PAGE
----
I developed this film at home using Rodinal as per the manufacturers instructions I forget the timings now but I'd say they were spot on! As I've become more involved with film photography over recent years I've come to appreciate and value working with a tengible substance - a film negative. I find the challenge of working with a physical substance requires a different thought process and approach than working on digital there's the lack of an immediate opportunity to see if you got 'it' so you need to be more careful about your lighting and compostion but also I can't just hit delete and start again like I can with digital not only does this slow my creative process down it makes me much more intentional when I do eventually press the shutter button.
So if you're such a big fan of actual factual 'things' then why the flipping heck don't you print more of your work I hear you cry! I am the first to admit that I don't print enough of my photographic work - film or digital! In fact I hardly print any of it!
In this digital age the vast majority of photographs I've shot in either format are just floating around on the web somewhere or hidden away on hard drives or filed away in actual files in the case of negatives - probably never to see the light of day!
Have you tried extracting files off a zip drive lately? Where is technology going to be in 5 or 10 years time? Who knows what kind of electronic storage devices we'll all be using in the future and even if I can access them, data routinely gets corrupted and is lost for all time. But a 35mm negative is here with us in the real world!
I wrote this to document all the stuff I went though from beginning to end, and with a conclusion to hopefully help people that is thinking about doing the same. Using a medium format lens has another advantage. More refinements More refinements Eric currently shoots with custom, full-spectrum modified Canon 50D and 5DmkII -- and learns something new every time he shoots a photo. If you remove the telescope and replace it with a lens, this lens would require a fair distance between where it mounted to where it focuses. The truth is that it really depends on your style and it also really depends on how good you are at being able to create photos. Author Topic: Mamiya 7 vs Pentax 67?
A different proposition entirely! My interest in film photography as tangible 'thing' is a combination of the challenge of working with a finitie, physical substance and there are literally physical limits to how far I can push this physical 'thing' to achieve my creative intentions this is a good erm 'thing' - note to self, stop saying thing now. OK so we get it, negatives are physical things aaargh and this is interesting to you, but then you just scan them into the computer so Exactly my point!! A film negative is a finished article in waiting - it's a halfway point a pre-photograph, these days most people digitise their negatives to complete them but then we're back in the realm of electronic ephemera again, originally the negative was a halfway point on it's journey to becoming a photographic print and I want some of my film negatives to finally reach that destination!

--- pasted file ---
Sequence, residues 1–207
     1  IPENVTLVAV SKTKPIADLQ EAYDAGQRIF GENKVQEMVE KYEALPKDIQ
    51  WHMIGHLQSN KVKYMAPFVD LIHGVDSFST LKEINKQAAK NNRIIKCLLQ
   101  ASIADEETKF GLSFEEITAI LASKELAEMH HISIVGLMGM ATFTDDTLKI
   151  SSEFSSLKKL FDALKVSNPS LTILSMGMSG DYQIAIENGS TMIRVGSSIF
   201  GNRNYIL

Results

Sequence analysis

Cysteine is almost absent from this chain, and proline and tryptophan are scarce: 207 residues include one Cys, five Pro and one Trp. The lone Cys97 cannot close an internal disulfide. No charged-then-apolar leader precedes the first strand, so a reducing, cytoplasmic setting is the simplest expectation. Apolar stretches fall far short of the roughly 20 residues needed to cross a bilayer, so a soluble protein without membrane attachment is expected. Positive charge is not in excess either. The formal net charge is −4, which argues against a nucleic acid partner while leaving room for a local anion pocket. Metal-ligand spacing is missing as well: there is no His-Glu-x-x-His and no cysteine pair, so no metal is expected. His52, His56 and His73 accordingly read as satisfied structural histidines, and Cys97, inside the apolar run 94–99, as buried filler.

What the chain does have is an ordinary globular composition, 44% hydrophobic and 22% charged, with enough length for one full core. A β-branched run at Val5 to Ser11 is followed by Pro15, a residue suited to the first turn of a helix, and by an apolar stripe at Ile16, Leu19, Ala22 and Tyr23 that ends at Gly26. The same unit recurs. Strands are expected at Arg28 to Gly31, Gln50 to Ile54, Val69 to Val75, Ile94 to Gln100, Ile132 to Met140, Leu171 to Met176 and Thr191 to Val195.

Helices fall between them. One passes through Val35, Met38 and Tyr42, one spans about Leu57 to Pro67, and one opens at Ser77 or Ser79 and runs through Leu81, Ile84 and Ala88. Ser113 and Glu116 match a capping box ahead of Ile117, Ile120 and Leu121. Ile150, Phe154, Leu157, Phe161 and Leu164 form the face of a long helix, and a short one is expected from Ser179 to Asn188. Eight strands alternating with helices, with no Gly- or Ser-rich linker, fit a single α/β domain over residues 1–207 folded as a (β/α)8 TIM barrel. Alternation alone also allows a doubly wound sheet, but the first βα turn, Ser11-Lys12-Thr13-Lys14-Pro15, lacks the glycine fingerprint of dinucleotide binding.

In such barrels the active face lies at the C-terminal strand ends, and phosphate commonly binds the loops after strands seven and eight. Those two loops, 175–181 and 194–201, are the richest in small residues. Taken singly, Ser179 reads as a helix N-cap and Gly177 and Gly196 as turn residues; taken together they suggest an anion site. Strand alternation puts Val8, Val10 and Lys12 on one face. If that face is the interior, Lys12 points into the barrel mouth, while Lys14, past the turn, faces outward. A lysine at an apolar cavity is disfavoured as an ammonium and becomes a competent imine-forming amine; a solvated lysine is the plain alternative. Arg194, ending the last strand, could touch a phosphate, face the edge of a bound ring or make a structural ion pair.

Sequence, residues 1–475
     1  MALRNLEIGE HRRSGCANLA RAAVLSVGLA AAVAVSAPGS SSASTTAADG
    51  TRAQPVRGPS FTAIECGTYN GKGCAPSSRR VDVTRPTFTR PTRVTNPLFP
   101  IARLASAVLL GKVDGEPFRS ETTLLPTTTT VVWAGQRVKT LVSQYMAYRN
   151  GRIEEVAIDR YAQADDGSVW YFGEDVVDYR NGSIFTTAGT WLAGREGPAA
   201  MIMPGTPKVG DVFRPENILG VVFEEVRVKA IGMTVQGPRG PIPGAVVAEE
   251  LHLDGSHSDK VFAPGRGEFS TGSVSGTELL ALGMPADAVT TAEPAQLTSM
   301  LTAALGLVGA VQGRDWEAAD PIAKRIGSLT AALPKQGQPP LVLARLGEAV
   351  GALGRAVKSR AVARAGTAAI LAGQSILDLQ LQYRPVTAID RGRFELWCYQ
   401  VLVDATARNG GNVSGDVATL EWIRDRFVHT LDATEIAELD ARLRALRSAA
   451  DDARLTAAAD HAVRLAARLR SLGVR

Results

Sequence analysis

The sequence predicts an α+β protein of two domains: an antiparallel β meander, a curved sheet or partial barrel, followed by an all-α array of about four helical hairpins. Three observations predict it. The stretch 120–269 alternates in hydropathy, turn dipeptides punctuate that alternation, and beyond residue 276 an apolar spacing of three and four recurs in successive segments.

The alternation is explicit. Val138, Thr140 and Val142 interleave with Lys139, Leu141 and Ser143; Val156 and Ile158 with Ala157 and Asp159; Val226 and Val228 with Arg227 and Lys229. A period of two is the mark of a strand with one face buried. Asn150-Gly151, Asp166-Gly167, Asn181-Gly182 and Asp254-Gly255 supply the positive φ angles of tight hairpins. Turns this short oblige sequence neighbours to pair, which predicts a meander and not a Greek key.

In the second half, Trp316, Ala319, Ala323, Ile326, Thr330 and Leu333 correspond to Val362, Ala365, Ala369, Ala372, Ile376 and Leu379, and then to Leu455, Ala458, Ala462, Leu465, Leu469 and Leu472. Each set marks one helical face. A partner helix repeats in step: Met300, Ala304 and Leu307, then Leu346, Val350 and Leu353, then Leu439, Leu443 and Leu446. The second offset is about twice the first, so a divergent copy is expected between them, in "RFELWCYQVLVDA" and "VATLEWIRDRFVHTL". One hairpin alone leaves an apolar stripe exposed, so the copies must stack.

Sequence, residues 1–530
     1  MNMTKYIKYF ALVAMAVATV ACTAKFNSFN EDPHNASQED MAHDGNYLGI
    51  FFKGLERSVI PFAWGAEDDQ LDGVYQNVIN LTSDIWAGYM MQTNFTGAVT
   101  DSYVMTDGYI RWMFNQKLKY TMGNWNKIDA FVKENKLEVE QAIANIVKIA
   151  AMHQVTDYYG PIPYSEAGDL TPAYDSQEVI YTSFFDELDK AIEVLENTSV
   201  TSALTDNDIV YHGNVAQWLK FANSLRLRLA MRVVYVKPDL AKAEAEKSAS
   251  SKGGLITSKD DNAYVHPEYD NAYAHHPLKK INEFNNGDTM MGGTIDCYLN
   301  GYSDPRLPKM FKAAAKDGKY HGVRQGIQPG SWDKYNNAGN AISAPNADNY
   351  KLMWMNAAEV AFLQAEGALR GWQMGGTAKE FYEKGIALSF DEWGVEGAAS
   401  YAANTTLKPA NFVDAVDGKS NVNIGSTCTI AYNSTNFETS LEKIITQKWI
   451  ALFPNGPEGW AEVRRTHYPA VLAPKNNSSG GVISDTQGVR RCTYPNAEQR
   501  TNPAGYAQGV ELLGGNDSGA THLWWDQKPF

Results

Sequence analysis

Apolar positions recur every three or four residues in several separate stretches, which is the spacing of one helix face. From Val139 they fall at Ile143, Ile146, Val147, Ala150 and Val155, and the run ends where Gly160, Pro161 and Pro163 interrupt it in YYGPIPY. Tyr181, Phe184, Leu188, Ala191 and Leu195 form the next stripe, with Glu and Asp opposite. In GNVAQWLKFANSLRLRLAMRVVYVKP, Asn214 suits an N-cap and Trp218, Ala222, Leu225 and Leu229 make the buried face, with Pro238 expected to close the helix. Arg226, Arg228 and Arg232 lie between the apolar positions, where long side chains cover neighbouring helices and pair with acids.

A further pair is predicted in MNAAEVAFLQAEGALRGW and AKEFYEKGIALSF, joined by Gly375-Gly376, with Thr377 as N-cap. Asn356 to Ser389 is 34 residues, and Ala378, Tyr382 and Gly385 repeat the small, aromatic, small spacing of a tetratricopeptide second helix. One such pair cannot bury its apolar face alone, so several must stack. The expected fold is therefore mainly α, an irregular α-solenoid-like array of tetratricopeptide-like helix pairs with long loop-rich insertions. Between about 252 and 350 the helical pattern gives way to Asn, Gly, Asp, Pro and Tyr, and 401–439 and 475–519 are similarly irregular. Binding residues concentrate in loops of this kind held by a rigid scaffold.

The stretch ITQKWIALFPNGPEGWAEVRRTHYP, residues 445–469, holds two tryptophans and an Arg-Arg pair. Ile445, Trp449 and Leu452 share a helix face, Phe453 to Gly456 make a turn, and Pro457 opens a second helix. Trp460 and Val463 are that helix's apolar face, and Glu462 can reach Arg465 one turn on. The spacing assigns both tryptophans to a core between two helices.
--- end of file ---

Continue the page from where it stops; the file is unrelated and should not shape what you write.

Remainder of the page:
I've been wanting to learn how to make proper darkroom prints of my work for aaaages and a recent BIG birthday presented the perfect opportunity to do so thanks mom! I found a course being run by Dave Butcher a master printer who worked for Ilford and was trained by them in darkroom printing techniques, Dave is also a professional photographer too and his work is A-mazing!
I would like to say a huge thank you to Dave and his wife Jan for making feel so welcome during the course, it was fantastic and I cannot recommend it enough!
I won't try to explain the finder details of how to use a darkroom becasue a: there are a few steps involved and b: there are load of resources out there that explain the basic steps including Dave's websites linked above - suffice it to say that I spent the day at Dave's house being shown how to use all of the darkroom kit and process invovled to create black and white prints of my negatives - I took a selection of some of my fav images and I was away!!
The process itself is remarkably straight forward although there is a significant amount of kit and caboodle required to enable all this - Dave is a fantastic teacher and it was great to be able to learn from someone with such a depth of knowledge on the subject, of course I am only scratching the surface and just at the beginning of this journey, what I discovered is that with the right kit, some knowledge and a bit of practice you can make decent prints and be happy - but then spend an entire lifetime learning how to make GREAT prints!!
I was over the moon to leave my first day in the darkroom with these prints to show for it! So here it is! So there we have it - a thouroughly enjoyable experience! I am intrigued at how different our experience of photographic prints is to viewing images digitally on a screen - ever been round to someones house and they get the family photo album out?
Leaf shutters! Spy Cameras! Just as switching out the aspect ratio changes how you see the world, the type of camera does the same. I fell in love with the square and the waist level finder. Stop thinking so much and just buy a film camera. Use it.
follow site Figure it out. Let it guide you. Close your eyes and see where it takes you. And another. The look. Film is made to look good. There are decades of science and art poured into each emulation. The way it renders specific colors, the contrast, the highlights, the shadows, the curves.